Philadelphia, PA (SportsNetwork.com) - A federal judge on Wednesday granted final approval of a revised settlement agreement between the NFL and thousands of former players who sued the league over concussions and their effects.
The settlement will pay up to $5 million to former players diagnosed with one of a number of qualifying neurocognitive illnesses and includes money for education programs geared toward concussion prevention.
In a 132-page document outlining a case that began almost four years ago with a lawsuit in California and expanded to include over 5,000 former players and more than 300 suits, U.S. District Court Judge Anita B. Brody called the settlement "fair, reasonable, and adequate."
The sides struck a reworked deal last July that included unlimited funds for former players and their families -- this after Brody rejected a $765 million settlement agreed upon in August 2013, saying she feared not all retired players who received a qualifying diagnosis would be paid.
The new "uncapped" settlement, Brody wrote last year, "ensures that there are sufficient funds available to pay all claims through the 65-year term of the settlement and improves the manner in which diagnoses are made to protect against fraud."
The fund established by the settlement, which will be adjusted for inflation, provides cash rewards for players diagnosed with a qualifying disease such as amyotrophic lateral sclerosis, or Lou Gehrig's disease.
Also covered are Alzheimer's disease, Parkinson's disease, players who have died with chronic traumatic encephalopathy (CTE) and those who have other levels of neurocognitive impairment.
The maximum awards include a $1.5 million payout for what is called level 1.5 neurocognitive impairment, all the way up to $5 million for ALS.
"Nearly four years ago, retired NFL players embarked on a mission that many thought to be impossible: to obtain security and care for the devastating neurocognitive injuries they were experiencing," Christopher Seeger and Sol Weiss, co-lead counsel for the plaintiffs, said in a statement.
"Today, these courageous men and their families have made history. Despite the difficult health situations retired players face today, and that many more will unfortunately face in the future, they can take comfort that this settlement's benefits will be available soon, and will last for decades to come."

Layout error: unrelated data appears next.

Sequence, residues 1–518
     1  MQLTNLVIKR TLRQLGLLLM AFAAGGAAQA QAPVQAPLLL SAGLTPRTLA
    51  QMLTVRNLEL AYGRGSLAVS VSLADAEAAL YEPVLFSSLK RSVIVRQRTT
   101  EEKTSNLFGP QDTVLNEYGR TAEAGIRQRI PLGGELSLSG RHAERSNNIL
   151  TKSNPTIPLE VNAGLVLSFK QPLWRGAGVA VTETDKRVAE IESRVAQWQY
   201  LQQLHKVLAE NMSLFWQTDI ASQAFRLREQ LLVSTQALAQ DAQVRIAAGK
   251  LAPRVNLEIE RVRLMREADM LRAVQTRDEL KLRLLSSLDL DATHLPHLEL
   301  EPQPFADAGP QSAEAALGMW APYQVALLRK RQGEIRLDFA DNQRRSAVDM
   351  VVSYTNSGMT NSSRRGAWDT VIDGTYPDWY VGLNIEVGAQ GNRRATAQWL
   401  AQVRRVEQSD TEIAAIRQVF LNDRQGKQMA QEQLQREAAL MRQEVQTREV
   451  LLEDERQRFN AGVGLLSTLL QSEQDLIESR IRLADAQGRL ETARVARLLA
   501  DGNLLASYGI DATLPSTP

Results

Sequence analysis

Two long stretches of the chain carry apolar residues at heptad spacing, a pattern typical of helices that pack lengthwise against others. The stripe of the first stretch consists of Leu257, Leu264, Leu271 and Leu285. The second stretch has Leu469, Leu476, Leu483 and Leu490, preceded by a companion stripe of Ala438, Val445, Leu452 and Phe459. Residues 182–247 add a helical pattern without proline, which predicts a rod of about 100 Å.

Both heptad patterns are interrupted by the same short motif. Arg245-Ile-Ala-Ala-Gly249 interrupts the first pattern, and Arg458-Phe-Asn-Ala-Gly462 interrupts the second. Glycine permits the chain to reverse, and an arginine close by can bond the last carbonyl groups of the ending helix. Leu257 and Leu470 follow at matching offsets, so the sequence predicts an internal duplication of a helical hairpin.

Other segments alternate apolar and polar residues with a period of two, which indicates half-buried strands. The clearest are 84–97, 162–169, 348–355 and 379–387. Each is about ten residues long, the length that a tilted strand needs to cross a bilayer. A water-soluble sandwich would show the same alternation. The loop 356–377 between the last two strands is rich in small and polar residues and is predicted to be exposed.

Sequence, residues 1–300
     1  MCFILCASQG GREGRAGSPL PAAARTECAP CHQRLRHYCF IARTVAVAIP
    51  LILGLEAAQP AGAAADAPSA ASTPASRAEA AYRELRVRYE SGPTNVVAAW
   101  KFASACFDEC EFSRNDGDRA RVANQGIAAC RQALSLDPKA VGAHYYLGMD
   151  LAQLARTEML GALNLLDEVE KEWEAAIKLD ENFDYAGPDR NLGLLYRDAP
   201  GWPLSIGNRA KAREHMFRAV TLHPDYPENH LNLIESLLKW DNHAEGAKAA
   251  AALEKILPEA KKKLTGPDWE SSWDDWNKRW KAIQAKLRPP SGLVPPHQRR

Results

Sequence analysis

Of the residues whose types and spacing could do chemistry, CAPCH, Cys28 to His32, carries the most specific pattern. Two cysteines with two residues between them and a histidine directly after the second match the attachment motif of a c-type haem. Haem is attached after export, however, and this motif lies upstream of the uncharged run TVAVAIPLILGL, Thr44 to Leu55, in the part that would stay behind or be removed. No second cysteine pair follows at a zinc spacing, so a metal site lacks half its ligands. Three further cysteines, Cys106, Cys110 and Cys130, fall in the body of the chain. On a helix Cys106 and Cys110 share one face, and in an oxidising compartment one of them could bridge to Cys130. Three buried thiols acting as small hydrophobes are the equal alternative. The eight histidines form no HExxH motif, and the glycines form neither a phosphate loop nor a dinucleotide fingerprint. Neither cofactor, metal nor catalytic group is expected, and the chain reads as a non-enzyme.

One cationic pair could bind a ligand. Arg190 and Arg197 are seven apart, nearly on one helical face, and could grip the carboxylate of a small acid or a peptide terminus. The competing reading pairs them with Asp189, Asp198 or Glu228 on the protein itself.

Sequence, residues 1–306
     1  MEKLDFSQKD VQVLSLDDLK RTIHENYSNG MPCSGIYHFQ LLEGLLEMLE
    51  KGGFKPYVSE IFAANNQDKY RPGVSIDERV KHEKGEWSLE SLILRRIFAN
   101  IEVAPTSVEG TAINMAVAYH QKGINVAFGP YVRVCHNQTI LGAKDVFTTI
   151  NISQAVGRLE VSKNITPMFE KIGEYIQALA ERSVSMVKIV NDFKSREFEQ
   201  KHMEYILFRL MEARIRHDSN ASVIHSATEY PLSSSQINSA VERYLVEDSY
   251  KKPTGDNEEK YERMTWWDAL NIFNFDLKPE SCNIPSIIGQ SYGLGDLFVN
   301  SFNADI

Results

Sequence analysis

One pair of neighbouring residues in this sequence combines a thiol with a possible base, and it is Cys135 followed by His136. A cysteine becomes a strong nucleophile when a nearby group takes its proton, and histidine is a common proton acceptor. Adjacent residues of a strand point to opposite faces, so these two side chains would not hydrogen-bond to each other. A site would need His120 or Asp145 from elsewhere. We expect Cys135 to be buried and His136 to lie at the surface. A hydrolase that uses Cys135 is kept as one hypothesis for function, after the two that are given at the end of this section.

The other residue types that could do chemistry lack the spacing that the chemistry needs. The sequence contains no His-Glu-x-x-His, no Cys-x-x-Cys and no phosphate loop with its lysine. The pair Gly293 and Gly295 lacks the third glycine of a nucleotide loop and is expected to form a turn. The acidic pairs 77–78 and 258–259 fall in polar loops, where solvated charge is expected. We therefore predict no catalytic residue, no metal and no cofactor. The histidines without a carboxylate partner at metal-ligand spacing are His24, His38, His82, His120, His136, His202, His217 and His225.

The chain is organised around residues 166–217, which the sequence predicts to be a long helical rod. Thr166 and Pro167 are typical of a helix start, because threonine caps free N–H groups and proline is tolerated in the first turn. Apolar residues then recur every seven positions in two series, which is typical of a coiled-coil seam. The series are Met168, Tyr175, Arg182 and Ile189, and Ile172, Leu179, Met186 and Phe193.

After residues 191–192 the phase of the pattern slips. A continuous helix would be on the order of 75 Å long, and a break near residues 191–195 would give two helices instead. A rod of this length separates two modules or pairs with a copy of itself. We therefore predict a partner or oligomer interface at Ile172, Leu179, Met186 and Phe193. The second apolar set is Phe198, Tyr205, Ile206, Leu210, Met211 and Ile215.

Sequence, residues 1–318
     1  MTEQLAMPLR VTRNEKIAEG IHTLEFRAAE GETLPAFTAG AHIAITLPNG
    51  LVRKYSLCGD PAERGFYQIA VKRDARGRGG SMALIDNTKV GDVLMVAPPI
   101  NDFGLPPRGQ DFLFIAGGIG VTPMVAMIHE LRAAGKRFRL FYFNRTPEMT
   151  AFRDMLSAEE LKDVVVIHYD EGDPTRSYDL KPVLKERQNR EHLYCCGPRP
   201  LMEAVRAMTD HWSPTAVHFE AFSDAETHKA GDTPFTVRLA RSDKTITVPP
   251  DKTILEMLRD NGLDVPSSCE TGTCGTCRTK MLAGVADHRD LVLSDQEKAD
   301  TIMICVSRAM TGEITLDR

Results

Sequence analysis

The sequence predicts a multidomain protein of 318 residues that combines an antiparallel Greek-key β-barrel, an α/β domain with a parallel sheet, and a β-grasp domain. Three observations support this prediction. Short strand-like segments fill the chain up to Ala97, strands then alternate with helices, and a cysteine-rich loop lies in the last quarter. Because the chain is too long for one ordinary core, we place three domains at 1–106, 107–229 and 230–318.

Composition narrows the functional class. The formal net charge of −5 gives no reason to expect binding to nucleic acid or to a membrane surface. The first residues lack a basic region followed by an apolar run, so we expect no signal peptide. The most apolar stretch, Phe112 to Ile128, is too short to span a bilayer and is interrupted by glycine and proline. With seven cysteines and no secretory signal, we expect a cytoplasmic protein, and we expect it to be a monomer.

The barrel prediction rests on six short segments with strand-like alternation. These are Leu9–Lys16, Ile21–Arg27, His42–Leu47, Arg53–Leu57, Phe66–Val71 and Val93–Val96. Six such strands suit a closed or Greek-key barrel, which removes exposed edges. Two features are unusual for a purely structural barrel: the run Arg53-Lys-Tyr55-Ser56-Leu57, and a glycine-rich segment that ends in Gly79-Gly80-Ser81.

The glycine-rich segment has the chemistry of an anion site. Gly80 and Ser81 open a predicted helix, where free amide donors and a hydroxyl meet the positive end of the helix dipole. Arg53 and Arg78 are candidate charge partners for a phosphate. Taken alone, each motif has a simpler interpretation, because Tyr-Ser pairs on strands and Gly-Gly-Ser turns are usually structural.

Seeger and Weiss said the benefits process would open this summer as long as no appeals are filed. An appeal would stall the process and could take months, if not years, to settle, the attorneys said.
The settlement also provides benefits, including counseling and prescription drug benefits, to players who are "impaired but have not deteriorated to the point of receiving" a diagnosis that qualifies them under the settlement.
NFL executive vice president and general counsel Jeff Pash called the decision a "historic settlement."
"As a result of the settlement, retirees and their families will be eligible for prompt and substantial benefits and will avoid years of costly litigation that -- as Judge Brody's comprehensive opinion makes clear -- would have an uncertain prospect of success," Pash said in a statement.
"We look forward to implementing the terms of the settlement and continuing to work with our players, coaches and medical staffs to enhance the safety and benefits of football."
The more than 5,000 players who sued the league -- including Hall of Famers Tony Dorsett and Eric Dickerson -- believed the NFL knew about the dangers of concussions and hid information about them for years.
The first suit was filed on July 19, 2011 in California by 73 former players who alleged the NFL failed to take reasonable action to protect players from the chronic risks created by head injuries and concealed those risks.